REVIEW OF COMMUNICATION RESEARCH
specializes in publishing literature review articles
PERSUASION AND SOCIAL INFLUENCE                                                                                                

Title & Authors

Unintended Effects of Advertising: An Updated Qualitative Review

Jie Xu (Villanova University, USA)

Highlights

 

• The current study aims to provide an up-to-date synthesis depicting the state of the art on the unintended effects of advertising.

• A thematic analysis approach was taken in this qualitative review.

We reviewed three primary theoretical frameworks used in the literature, unfolded five main dimensions, and introduced a typology of nine types of unintended effects.

• Three dominating theories in this area are: Psychological Reactance Theory (PRT), Social Comparison Theory, and Cultivation theory.

• Five dimensions include variations in valence, levels of analysis, time lapse, content specificity, and audience types.

• Nine types of unintended effects are: confusion, materialism, idealization, stereotypes, boomerang, violence, creativity, job performance, and economic growth.

• Future research should explore whether there is a blur between intended and unintended effects, as well as strengthen both theoretical and empirical inquires within this branch of advertising scholarship.

Abstract

Like most strategic communication efforts, advertising produces both intended and unintended effects. However, there has been little systematic effort to synthesizing the unintended effects of advertising. This paper attempt to fill the gap in the literature. A thematic review was conducted to review the dimensions, types, and theories concerning the unintended effects of advertising. Variations of unintended effects in valence, levels of analysis, time lapse, content specificity, and audience types were discerned, on the basis of which a typology of nine unintended effects was proposed, including confusion, materialism, idealization, stereotypes, boomerang, violence, creativity, job performance and economic growth. The implications and directions for future research were discussed. It is hoped that the conceptual dimensions and types of unintended effects presented in this paper will serve as an evolving framework for endeavors to enhancing the theory and practice of advertising.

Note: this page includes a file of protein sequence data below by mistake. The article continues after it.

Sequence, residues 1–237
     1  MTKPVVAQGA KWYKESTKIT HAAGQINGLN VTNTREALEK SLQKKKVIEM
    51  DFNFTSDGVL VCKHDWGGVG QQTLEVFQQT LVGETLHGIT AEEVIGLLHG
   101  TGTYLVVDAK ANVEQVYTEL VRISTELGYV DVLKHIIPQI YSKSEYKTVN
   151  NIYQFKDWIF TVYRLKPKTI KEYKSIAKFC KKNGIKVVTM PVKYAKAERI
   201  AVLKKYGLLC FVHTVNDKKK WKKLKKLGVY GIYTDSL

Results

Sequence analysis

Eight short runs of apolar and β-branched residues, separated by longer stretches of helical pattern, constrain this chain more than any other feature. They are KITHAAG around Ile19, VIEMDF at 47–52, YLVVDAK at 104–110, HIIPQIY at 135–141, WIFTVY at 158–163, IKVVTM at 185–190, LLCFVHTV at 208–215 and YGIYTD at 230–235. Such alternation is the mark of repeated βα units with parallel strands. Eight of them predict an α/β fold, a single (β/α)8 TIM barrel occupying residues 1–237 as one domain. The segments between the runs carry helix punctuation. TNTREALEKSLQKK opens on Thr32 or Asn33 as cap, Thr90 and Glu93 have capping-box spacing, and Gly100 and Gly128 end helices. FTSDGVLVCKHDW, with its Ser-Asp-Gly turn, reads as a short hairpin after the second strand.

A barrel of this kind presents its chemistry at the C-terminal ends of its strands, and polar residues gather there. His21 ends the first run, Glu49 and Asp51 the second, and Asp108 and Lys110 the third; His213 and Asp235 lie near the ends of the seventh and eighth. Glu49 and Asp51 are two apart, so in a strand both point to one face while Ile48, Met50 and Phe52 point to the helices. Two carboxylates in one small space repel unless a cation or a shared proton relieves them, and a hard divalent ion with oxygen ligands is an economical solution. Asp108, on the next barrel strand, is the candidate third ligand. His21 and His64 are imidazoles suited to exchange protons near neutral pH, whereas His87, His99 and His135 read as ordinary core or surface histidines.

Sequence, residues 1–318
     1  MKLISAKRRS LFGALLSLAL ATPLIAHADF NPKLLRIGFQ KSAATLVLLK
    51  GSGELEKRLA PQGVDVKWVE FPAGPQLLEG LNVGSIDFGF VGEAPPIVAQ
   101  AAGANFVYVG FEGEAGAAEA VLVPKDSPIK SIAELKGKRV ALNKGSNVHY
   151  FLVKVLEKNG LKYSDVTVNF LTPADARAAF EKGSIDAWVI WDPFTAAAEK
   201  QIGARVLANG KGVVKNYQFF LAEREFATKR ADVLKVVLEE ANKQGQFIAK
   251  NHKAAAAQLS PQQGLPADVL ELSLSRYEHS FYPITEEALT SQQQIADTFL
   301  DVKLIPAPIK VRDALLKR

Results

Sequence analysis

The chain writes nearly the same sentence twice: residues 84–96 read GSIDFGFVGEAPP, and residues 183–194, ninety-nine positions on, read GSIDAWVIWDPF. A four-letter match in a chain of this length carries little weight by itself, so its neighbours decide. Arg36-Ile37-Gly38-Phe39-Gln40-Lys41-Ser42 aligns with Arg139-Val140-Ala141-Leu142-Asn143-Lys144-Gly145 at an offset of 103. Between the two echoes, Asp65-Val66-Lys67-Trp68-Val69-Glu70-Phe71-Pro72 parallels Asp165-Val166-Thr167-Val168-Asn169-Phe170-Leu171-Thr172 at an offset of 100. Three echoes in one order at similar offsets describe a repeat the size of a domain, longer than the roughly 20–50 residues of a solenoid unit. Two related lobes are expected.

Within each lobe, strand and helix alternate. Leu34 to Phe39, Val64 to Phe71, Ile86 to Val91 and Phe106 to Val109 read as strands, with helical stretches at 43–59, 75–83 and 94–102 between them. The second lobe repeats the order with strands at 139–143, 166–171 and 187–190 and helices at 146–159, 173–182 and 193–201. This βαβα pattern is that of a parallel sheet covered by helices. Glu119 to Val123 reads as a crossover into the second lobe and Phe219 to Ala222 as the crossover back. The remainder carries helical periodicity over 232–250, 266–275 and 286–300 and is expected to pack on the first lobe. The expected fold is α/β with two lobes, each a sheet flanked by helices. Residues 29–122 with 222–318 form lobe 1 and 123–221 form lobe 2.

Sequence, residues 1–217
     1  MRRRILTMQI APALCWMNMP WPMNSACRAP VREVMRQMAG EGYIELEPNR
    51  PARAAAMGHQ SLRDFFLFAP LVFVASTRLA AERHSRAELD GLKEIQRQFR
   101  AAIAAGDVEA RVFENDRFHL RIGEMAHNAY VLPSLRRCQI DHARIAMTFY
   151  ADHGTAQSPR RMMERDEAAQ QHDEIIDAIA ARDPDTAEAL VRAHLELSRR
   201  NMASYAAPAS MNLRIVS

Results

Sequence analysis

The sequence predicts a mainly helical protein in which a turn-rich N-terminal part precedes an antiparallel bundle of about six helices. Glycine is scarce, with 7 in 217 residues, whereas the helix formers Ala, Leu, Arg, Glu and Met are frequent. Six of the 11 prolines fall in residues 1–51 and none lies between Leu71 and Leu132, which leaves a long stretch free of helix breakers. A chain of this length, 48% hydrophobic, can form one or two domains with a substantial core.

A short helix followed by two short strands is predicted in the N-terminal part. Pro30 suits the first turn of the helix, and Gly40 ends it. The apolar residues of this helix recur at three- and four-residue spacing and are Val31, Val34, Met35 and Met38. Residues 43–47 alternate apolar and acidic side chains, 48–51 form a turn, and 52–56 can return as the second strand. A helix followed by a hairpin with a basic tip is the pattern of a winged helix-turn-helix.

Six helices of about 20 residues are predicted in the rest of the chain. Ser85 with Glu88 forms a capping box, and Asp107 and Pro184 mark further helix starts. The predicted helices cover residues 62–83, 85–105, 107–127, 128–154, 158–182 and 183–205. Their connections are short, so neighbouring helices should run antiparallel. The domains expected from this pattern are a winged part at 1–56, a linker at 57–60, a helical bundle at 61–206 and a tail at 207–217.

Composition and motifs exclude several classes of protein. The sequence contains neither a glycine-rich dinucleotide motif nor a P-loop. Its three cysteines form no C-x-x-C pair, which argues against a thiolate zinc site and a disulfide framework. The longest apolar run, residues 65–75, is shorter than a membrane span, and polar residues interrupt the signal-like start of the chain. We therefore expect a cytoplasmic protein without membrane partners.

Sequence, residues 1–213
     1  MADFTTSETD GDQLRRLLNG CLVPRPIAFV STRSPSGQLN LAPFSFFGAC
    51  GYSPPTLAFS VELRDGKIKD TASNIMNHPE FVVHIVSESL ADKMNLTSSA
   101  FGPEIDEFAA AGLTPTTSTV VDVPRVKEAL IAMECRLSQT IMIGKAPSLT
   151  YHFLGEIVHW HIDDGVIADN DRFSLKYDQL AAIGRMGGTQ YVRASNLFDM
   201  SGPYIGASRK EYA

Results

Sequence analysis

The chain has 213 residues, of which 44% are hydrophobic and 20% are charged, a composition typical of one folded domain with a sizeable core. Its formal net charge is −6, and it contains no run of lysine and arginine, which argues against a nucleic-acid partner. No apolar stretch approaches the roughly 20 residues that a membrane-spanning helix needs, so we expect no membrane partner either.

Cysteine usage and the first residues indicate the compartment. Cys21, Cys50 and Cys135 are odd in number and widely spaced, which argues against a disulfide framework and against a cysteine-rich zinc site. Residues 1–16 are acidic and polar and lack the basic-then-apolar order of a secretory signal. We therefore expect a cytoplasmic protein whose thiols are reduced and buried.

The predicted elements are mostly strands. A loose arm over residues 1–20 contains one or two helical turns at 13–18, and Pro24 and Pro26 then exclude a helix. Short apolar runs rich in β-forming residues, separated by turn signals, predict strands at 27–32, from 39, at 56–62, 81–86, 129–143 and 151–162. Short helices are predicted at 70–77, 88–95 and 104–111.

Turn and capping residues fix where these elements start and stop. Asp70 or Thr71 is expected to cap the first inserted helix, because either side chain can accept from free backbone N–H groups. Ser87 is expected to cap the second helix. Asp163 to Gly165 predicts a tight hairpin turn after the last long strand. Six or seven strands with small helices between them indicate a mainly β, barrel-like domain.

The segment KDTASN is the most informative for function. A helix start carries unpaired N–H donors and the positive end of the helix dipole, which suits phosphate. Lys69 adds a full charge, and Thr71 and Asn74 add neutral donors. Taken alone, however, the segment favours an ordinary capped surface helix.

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Unintended Effects of Advertising: An Updated Qualitative Review

Jie Xu (Villanova University, USA)

 

Keywords: Unintended Effects; Advertising; Review;

 

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Content

UNINTENDED EFFECTS OF ADVERTISING: OVERVIEW & THE CURRENT STUDY
METHOD

Study Retrieval
Thematic Analysis Procedure

FINDINGS

Theoretical Frameworks
Dimensions of Unintended Effects

Valence: Undesirable or desirable
Level of analysis: Individual or societal
Content-specific or content-diffusive effects
Target audience: Intended or unintended
Time lapse: Long or short term

Typology of Unintended Effects

Confusion
Materialism
Idealization
Stereotypes
Boomerang
Violence
Creativity
Job Performance
Economic Growth

DISCUSSION

Theoretical Implications
Table 1. Dimensions of Unintended Effects of Advertising
Table 2. Typology of Unintended Effects of Advertising
Practical Implications
Limitations and Future Research

REFERENCES
COPYRIGHTS AND REPOSITORIES

  

Keywords

Unintended Effects, Advertising, Review.